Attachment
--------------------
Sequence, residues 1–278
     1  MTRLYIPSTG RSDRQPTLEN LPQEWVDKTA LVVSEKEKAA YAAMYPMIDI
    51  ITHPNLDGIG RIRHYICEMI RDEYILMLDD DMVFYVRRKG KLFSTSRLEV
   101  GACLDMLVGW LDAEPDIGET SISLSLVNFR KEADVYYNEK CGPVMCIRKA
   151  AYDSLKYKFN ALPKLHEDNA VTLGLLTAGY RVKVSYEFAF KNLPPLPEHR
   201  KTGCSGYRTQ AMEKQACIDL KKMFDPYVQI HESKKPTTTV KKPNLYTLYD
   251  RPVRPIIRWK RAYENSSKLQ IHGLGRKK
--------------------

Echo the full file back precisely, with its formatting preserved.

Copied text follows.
Sequence, residues 1–278
     1  MTRLYIPSTG RSDRQPTLEN LPQEWVDKTA LVVSEKEKAA YAAMYPMIDI
    51  ITHPNLDGIG RIRHYICEMI RDEYILMLDD DMVFYVRRKG KLFSTSRLEV
   101  GACLDMLVGW LDAEPDIGET SISLSLVNFR KEADVYYNEK CGPVMCIRKA
   151  AYDSLKYKFN ALPKLHEDNA VTLGLLTAGY RVKVSYEFAF KNLPPLPEHR
   201  KTGCSGYRTQ AMEKQACIDL KKMFDPYVQI HESKKPTTTV KKPNLYTLYD
   251  RPVRPIIRWK RAYENSSKLQ IHGLGRKK